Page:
Who Look at Me?!: Shifting the Gaze of Education through Blackness, Queerness, and the Body

Who Look at Me?!: Shifting the Gaze of Education through Blackness, Queerness, and the Body

by Durell M. Callier, Dominique C. Hill

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Overview

Who Look at Me?!: Shifting the Gaze of Education through Blackness, Queerness, and the Body explores how we, as a society, see Blackness and in particular Black youth. Drawing on a range of sources, the authors argue that the ability to operationalize the sentiment that #BlackLivesMatter, requires seeing Blackness wholly, as queer, and as a site of subversive knowledge production. Continuing the work of June Jordan and Langston Hughes, and based on their work as a Black queer artist collective known as Hill L. Waters, Who Look at Me?! provides alternative tools for reading about and engaging with the lived experiences of Black youth and educational research for and about Black youth. In this way, the book presents not only the possibilities of envisioning teaching and research practices but presents examples that embrace, celebrate, and make room for the fullness of Black and queer bodies and experiences. This work will appeal to those interested in emancipatory methodological and educational practices as well as interdisciplinary conversations related to sociocultural constructions of race and sexuality, politics of Blackness, and race in education.

Product Details

ISBN-13: 9789004392229
Publisher: Brill Academic Publishers, Inc.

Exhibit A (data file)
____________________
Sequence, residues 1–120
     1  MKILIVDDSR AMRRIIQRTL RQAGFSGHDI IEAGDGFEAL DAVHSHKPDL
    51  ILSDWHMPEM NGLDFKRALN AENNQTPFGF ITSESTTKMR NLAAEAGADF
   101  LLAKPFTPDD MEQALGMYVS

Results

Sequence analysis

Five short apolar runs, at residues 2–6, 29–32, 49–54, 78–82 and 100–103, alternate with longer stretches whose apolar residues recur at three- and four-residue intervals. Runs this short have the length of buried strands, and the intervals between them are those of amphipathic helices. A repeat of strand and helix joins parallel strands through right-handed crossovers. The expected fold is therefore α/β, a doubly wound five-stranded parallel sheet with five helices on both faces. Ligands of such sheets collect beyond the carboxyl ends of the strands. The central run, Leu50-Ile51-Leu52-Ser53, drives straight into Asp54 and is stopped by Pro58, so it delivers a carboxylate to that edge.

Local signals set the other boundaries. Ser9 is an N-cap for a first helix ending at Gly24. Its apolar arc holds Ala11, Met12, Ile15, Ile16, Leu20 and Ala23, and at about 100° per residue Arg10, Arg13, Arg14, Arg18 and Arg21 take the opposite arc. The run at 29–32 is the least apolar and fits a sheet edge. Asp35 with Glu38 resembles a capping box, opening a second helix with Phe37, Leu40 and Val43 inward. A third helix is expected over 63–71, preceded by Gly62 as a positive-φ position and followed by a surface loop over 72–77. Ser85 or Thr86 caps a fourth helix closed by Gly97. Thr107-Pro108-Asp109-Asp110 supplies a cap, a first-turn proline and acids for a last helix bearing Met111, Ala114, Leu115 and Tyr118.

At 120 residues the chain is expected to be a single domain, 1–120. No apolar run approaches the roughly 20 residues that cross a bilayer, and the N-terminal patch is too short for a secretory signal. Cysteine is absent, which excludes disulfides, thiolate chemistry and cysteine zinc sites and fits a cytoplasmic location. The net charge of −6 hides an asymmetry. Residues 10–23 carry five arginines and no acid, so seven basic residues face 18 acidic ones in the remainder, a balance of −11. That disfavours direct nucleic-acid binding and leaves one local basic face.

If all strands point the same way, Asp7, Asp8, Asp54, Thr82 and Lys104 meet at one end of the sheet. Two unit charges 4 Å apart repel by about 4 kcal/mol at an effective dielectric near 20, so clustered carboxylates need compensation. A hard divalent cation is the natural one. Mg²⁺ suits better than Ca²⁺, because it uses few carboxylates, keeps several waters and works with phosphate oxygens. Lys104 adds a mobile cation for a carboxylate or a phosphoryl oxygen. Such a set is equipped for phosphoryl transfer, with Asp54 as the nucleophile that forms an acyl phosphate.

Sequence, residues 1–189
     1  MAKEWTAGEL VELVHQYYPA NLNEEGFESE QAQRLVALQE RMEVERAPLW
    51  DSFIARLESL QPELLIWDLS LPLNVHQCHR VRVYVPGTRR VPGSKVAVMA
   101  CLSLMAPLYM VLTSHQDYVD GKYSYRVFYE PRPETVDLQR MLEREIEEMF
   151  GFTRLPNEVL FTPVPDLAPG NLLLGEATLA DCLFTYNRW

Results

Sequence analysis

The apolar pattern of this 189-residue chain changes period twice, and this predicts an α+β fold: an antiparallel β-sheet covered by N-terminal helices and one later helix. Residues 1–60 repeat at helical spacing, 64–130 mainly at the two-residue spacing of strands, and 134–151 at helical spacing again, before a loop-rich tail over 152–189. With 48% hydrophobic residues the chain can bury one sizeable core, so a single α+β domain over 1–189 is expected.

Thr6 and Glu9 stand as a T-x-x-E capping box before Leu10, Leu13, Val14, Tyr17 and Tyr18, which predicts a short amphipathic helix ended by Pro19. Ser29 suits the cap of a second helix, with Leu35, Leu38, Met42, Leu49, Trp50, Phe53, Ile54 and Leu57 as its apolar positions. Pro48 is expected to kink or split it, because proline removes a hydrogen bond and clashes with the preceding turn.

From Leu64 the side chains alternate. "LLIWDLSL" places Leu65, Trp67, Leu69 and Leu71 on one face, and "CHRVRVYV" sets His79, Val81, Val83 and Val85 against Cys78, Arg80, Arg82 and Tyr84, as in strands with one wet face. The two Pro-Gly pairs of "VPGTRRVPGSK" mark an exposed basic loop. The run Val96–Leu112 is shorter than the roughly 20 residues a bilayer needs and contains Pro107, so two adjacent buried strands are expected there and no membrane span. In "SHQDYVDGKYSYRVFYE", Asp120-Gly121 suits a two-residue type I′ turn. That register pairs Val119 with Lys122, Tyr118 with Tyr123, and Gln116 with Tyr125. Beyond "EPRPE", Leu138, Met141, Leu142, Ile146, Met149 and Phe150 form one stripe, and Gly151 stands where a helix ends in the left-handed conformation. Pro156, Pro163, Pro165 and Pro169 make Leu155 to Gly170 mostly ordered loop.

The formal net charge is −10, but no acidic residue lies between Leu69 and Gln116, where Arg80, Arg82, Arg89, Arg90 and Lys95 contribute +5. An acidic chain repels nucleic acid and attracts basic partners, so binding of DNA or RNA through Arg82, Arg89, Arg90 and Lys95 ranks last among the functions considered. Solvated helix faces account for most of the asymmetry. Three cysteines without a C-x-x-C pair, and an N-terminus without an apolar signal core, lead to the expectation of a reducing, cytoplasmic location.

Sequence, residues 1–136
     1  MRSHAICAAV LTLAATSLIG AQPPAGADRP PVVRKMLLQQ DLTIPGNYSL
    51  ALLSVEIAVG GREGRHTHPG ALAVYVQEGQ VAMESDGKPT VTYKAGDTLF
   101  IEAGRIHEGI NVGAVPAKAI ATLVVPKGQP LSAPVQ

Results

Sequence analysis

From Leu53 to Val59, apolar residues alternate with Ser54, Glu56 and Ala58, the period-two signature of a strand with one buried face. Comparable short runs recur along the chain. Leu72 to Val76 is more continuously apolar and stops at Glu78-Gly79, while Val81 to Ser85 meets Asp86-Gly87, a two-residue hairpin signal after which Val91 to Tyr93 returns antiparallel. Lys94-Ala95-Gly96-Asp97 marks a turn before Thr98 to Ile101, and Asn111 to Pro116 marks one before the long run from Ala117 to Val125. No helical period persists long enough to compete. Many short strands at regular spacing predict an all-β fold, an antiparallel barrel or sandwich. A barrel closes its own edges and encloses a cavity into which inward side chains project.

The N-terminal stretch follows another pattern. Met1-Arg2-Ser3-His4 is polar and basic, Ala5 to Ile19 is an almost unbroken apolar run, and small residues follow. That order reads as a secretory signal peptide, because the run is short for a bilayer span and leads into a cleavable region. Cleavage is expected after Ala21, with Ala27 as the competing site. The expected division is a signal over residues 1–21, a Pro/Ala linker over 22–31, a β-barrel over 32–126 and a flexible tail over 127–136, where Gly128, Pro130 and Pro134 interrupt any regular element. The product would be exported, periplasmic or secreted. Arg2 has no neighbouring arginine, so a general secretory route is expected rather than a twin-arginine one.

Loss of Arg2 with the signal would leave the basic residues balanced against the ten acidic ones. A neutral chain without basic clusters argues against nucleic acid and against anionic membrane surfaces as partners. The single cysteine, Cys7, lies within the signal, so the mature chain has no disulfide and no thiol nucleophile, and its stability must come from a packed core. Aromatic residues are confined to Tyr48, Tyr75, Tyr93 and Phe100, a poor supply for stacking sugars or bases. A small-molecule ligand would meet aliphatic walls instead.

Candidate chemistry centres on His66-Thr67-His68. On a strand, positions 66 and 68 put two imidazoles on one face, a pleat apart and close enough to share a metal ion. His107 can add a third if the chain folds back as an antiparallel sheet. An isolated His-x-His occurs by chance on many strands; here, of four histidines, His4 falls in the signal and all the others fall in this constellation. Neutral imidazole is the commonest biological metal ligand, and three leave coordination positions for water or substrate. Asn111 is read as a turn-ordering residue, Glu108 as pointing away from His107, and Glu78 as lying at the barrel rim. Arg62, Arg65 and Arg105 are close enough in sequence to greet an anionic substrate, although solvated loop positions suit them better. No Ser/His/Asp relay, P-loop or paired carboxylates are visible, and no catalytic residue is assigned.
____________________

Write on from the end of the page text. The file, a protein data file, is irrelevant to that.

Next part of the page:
Publication date: 01/25/2019
Series: Personal/Public Scholarship Series , #3
Pages: 136
Product dimensions: 6.10(w) x 9.25(h) x (d)

About the Author

Durell M. Callier, Ph.D., is an assistant professor of cultural and critical youth studies in the Department of Educational Leadership at Miami University.



Dominique C. Hill, Ph.D., is the 2017 recipient of the Illinois Distinguished Qualitative Dissertation Award in experimental design and a visiting assistant professor of Black Studies at Amherst College.

Table of Contents

Acknowledgements

Prologue

Why Auto/Ethnography Education and Performance Now: Who Look at me, Now: Reflections on Being Seen

 Framing Shifting the Gaze

 The Origins of Shifting the Gaze in Our Work

 Shifting the Educational Gaze Now: Insisting on Pedagogies of Freedom, Creativity, and Praxis

 Tools to Engender Gaze Shifting

 Autoethnography and Education

 A Note to Our Read(er)s

 Organization of the Book

 Reflection Questions & Interactive Exercise

Chapter 1: When You See Me: Notes on Terrible Educations

 Reflections

 Naming & Unlearning: Pedagogies of Resistance

 I Am, We Are, Before That: Letters to the Future

 Reflection Questions

Chapter 2: Reflections on Bodies on Display: Exploring the Radical Potential of the Black, Queer Body

 Dimensions of Body

 Bodies on Display: Pleasure

 Learning through the Body: What Being on Display Taught Us

 Deep Creation Happens with/in the Feminine: A Lesson

 Reorienting the Gaze: Notes on Pleasure and Blended Scripting

 Conclusion

 Reflection Questions & Interactive Exercise

Chapter 3: Looking Again: Collective Visions, Collective Sight/Seeing

 SOLHOT Lesson I: “Just because…Don’t Mean…”

 SOLHOT Lesson II: Save Yourself First: Recollecting Dirty Work and Wreckless Theatrics

 Conclusion

 Reflection Questions

Chapter 4: Answering the Call: Manifesting the Spirit of Auto/Ethnography

 The Contribution of Auto/Ethnography to Qualitative Research

 Manifesting & Autoethnography: Charting New Directions in the Field

 Reflection Questions & Interactive Exercise

Chapter 5: When We Look at Each Other: An Auto/Ethnography of Togetherness

 Searching for Collectivity in Auto/Ethnography

 More than Collaboration, We Love Each Other: Coming to Collective Auto/Ethnography

 Reflection Questions

Conclusion Shifting Sociocultural Gazes: Toward Seeing Blackness Anew

 Black Scenes/Seen Black

 Reflection Questions & Interactive Exercise

Epilogue

 Dear Uncle Jimmy

References

About the Authors

Index

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